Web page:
The soundtrack is clear but has occasional pops and crackles. The image is fine if a little blurry at times. The subs are in yellow and were adequate if sometimes a little to literal. Morricone nails the score yet again!

Original letterboxd review

Thursday, 21 May 2015

The Bird with the Crystal Plumage (1970)

Somehow I've never watched this film. Don't ask why as I have absolutely no idea! This review is for the Arrow Blu-Ray in Italian with English subs.

An American novelist witnesses the attempted murder of a woman by a black-clad assailant and risks his and his girlfriend's lives in trying to track down the killer and break his writer's block.

With the Bird with the Crystal Plumage Argento cemented the giallo framework laid down by Mario Bava in The Girl Who Knew Too Much and Blood and Black Lace.

The staples of giallo are present both as internal factors (insanity, fear, perversion, obsession) and external (voyeurism, violence, J&B whiskey, spiral staircases, blades, black gloves).

Filled with tension and mystery, the Bird with the Crystal Plumage has superior cinematography, plot, dialogue and performances. Even the police are a cut above the usual bumbling idiots portrayed in gialli. Light touches of humour temper the tension (I nearly wet myself laughing at the cat scene). Apparent clues are dropped hard and fast. The film really wants you to try and work out who the killer is and red herrings are laid down with logic and cunning, meanwhile Argento's smiling, safe in the knowledge that he is holding a hand of aces dealt from a stacked deck. I always think a good "whodunit" makes you think that every little thing is a clue and The Bird with the Crystal Plumage accomplishes this with aplomb. It seemed like I was accusing a different person every 10 minutes!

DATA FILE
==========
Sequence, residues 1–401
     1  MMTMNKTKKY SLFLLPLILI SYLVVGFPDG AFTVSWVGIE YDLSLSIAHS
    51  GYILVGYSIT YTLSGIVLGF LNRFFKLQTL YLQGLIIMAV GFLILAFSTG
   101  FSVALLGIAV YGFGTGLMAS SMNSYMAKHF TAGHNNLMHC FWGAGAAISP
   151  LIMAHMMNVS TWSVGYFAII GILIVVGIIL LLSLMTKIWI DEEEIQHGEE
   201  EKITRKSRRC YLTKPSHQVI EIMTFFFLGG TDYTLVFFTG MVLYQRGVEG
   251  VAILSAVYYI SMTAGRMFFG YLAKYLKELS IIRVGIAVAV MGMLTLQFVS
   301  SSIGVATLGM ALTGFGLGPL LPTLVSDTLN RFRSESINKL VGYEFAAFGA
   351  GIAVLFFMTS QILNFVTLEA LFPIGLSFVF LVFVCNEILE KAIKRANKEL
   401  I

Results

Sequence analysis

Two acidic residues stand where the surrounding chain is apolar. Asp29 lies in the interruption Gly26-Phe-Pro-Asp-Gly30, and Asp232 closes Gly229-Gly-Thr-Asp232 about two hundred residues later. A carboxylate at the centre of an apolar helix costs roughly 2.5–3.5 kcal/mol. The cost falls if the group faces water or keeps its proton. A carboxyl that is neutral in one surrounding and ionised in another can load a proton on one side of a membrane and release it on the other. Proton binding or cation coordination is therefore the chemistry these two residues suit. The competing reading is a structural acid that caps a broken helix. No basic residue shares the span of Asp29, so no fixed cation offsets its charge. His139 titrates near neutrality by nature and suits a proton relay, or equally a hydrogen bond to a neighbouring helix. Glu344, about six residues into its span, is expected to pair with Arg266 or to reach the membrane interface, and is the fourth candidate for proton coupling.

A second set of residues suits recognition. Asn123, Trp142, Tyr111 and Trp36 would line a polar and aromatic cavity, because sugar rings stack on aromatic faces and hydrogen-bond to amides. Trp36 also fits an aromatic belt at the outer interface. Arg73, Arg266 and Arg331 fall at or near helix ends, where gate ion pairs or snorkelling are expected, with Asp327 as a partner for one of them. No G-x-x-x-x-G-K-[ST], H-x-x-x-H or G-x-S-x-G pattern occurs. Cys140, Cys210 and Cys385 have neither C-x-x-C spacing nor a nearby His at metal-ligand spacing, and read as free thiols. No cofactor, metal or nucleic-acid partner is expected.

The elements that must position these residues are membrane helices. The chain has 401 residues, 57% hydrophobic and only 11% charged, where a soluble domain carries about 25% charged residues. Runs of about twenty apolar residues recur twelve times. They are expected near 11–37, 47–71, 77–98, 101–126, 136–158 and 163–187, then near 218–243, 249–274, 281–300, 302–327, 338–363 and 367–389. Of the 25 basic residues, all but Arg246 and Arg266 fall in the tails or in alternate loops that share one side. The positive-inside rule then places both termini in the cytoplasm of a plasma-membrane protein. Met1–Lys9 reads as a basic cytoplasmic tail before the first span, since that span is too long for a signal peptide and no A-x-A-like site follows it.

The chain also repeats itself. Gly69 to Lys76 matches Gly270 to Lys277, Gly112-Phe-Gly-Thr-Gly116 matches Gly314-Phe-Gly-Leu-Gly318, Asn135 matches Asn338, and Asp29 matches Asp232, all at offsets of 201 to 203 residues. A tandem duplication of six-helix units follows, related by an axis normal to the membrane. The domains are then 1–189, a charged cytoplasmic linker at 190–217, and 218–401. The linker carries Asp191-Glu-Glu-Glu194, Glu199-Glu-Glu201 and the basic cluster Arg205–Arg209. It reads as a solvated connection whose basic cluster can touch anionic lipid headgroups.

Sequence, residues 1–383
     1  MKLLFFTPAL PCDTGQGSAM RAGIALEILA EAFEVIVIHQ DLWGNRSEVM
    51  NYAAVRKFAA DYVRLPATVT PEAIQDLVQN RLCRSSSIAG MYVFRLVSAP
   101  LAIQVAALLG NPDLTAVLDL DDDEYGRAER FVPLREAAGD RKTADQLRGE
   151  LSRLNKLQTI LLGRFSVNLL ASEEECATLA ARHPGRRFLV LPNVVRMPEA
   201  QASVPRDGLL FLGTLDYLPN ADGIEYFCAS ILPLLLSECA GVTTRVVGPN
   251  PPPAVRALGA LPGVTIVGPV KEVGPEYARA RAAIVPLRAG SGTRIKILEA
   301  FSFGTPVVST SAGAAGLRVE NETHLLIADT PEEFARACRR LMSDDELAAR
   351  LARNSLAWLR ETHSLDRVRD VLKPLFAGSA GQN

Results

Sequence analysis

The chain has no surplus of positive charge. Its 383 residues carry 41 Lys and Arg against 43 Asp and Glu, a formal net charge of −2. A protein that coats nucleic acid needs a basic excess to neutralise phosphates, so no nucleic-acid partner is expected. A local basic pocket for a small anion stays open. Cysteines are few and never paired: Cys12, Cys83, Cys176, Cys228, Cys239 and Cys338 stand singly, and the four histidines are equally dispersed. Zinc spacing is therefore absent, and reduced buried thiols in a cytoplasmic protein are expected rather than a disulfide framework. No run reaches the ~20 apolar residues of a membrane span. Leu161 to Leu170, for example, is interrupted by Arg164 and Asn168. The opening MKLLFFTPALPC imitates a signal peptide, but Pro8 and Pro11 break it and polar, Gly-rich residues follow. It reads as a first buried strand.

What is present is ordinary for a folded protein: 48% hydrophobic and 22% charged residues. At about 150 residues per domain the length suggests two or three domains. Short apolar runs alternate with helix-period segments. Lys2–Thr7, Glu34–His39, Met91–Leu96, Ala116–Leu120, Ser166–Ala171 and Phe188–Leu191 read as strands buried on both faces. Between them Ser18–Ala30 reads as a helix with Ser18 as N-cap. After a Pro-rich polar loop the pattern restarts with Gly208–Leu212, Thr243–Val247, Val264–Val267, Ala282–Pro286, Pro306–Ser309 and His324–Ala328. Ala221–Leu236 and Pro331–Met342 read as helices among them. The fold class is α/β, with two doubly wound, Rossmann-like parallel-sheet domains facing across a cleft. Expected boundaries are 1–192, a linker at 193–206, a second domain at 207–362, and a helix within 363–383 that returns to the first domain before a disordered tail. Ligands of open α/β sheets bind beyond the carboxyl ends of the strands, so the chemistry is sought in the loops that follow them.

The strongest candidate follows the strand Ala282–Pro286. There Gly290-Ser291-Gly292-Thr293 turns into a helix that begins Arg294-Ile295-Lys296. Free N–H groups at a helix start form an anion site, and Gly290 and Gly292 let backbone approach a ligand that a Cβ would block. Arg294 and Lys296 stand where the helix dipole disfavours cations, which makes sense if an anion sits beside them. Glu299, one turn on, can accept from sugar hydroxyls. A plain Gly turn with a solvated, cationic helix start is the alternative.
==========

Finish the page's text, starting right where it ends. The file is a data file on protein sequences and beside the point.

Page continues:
The Blu-Ray was great and had an excellent picture with light grain and vibrant but not harsh colours. With the caveat that I have no understanding of Italian, the sub-title translations seemed natural and accurate and were a cut above the usual ham-fisted attempts, and what a difference an Italian soundtrack makes! The discordant score and an almost childlike main theme drives the film along nicely without being intrusive.

Argento may be known as a "style over substance" director but Bird with the Crystal Plumage proves that, early in his career, he also had a real talent at storytelling.


Original letterboxd review

Wednesday, 20 May 2015

Danger: Diabolik (1968)

You see, there's this real cool cat by the name of Diabolik, who's like super cool and groovy. He rips off the establishment and the bourgeoisie, dig! Then the pigs man; they come down heavy and really start to harsh his mellow, so he uses these gadgets and really starts to fuck with their ch'i. Then some real bad dudes, they try to trap him but this cat's too fast for them baby!

Anyway freaks, the movie looks real far out, has some real groovy sounds and if you're into The Avengers, In Like Flint, Modesty Blaise or Batman you'll dig this Euro-Caper!